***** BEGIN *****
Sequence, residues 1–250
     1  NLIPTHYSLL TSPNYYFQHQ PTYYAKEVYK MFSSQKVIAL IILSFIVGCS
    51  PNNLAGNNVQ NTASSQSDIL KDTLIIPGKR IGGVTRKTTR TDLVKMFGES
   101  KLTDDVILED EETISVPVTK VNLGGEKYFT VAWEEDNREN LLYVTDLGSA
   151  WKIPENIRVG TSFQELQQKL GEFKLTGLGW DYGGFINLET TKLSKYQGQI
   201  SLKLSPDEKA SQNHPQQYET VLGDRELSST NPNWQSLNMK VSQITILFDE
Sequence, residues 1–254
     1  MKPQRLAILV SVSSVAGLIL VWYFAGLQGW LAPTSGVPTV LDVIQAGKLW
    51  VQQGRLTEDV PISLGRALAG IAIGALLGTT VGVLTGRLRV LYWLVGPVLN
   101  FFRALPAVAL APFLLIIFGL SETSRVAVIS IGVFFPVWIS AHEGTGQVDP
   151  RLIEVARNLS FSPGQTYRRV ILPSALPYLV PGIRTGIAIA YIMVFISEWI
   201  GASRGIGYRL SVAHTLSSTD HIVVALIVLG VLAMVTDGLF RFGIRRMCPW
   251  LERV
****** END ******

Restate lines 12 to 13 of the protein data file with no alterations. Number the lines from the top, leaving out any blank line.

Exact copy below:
   201  GASRGIGYRL SVAHTLSSTD HIVVALIVLG VLAMVTDGLF RFGIRRMCPW
   251  LERV